Heart disease is the number one killer of women, causing 1 in 3 deaths every year. The warning signs are not the same for women as they are for men. They can include chest discomfort, shortness of breath, and discomfort in other areas of the upper body. Heart disease and stroke do not discriminate by age, ethnicity or background. It is important to know your numbers and do what you can to prevent permanent or fatal damage from both–even if it means going to the hospital at an inconvenient time to make sure everything is okay.
Learn more about how to stay heart healthy and your personal wellness by visiting your doctor and www.goredforwomen.org.
You can support the life-saving efforts of the American Heart Association by attending their Go Red for Women Luncheon on May 25 at 11 a.m at the Hotel Roanoke & Conference Center. The keynote speaker will be Dr. Ijeoma N. Okogbue of Carilion Clinic Cardiology. The event will also include a fashion show by Macy’s, a networking reception with a silent auction, and heart-healthy living demos, education, and lunch.
For more information or to purchase tickets, visit their website or call 540-989-2810.
February is also known as National Heart Health Month. It’s a hard truth, but heart disease is not picky, so men and women are both at risk. About 1 in 4 deaths are linked to heart disease, according to the American Heart Association. With that in mind, we’d like to take some time to discuss a few ways to eat and exercise in order to achieve a better lifestyle.
Track what you put into your body. Add color to your plate and make sure to get two servings of fruits and vegetables, but avoid the extra salt and sugar that is sometimes present in canned fruits and vegetables. Whole grains are a better option when faced with multiple choices. Fish and poultry products should be your first choices due to the omega 3 fatty acids within them, prepared without the skin and leaning towards salmon and trout when preparing fish. When wanting red meat, always check for the leaner cuts. Skim and 1% dairy products get you a step closer to a fat-free and low-fat diet. Sugary drinks are extremely bad for you, and you should ultimately try to cut them from your diet. You really want to rid yourself of saturated and trans fats, in order to replace them with monounsaturated and polyunsaturated fats. Paying attention to serving sizes or cooking meals at home will help keep you from overeating and not paying attention to your calorie intake.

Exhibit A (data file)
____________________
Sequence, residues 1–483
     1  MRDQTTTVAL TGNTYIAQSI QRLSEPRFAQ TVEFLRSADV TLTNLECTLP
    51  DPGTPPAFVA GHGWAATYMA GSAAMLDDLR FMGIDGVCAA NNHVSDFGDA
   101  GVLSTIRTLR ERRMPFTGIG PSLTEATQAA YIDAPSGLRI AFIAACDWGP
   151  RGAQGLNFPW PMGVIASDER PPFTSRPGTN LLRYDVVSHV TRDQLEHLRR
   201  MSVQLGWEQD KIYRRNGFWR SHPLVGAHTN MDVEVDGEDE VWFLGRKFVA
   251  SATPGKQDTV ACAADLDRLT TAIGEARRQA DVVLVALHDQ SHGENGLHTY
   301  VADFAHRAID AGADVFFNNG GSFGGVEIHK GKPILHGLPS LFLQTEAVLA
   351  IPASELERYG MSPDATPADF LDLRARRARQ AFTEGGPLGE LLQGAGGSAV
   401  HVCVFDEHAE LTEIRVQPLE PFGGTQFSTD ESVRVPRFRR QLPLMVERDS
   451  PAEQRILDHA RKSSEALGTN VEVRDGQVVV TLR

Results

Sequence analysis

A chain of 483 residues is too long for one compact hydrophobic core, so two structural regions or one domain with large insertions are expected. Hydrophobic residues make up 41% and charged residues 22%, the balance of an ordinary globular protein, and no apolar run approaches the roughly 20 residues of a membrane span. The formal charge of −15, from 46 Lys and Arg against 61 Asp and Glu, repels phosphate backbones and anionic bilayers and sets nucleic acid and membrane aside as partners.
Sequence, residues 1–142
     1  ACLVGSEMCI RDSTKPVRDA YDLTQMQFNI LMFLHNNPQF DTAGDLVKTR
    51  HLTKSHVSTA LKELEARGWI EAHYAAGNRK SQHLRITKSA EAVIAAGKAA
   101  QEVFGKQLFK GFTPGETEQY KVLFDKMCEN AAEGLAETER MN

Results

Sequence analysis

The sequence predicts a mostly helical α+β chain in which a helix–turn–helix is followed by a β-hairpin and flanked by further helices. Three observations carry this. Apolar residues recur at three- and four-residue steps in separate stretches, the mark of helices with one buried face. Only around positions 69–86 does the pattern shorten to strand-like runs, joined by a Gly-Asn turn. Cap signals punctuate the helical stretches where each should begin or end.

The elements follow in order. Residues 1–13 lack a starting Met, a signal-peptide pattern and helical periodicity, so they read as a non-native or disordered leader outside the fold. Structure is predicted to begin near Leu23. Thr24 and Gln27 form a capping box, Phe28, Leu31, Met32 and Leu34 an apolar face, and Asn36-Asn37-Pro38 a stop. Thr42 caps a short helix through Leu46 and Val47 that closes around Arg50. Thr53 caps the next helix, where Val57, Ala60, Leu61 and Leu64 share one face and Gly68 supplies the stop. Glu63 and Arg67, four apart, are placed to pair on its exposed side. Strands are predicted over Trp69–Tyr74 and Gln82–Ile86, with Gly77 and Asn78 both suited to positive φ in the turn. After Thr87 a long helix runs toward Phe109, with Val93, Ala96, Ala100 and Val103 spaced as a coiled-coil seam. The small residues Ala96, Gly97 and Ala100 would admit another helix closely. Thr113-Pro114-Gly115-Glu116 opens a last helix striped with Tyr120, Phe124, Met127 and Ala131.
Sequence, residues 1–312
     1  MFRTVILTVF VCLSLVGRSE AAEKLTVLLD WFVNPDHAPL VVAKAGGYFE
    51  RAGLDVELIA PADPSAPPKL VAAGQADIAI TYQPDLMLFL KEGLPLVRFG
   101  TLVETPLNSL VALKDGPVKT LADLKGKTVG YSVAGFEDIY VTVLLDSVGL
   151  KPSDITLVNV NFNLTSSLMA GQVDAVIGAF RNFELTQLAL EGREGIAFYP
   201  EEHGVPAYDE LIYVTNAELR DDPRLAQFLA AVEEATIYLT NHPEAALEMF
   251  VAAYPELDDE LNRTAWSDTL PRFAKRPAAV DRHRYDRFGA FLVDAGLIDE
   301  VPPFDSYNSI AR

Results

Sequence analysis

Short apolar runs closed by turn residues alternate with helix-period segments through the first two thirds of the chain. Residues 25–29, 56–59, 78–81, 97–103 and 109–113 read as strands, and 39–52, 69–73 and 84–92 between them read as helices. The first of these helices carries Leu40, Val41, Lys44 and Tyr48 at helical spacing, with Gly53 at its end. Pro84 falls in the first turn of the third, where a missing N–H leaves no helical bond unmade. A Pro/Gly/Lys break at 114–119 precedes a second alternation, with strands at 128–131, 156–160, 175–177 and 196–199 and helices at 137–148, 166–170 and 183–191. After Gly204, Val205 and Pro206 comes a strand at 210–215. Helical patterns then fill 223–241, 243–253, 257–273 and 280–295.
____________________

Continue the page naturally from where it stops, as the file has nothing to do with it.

Walking, stair climbing, swimming, and biking are all ways to increase heart health.
A good week of activity should typically include 30 minutes of moderate aerobic activity at least five days per week or 25 minutes of vigorous aerobic activity at least three days a week. Of course, it is very important to speak to your doctor to create a routine that is safe and right for your body, health, and age.
Remember that everyone has to start somewhere, so if you can’t make each workout when you first start out, you’ll get there! Doing something is always better than doing nothing. Visit www.heart.org for more tips.
Written by Zoe Pierson
Nearly 2,000 people are expected to attend the Roanoke NRV Heart Walk this Saturday, October 17 at River’s Edge Park, hosted by the American Heart Organization. Registration and festivities will begin at 9 am. At 10 am, the opening ceremony/survivor ceremony and walk will begin.
This is a great opportunity for the community to come together, raise funds and increase awareness to prevent heart disease and strokes. Heart disease and stroke survivors will wear red capes and lead participants through the walk, along with a coach and horses from Wells Fargo. Entertainment will include a performance by National Baton Twirling Champion Harlie Dale, the national anthem by Carolyn Cox, and The Loose Strings Band.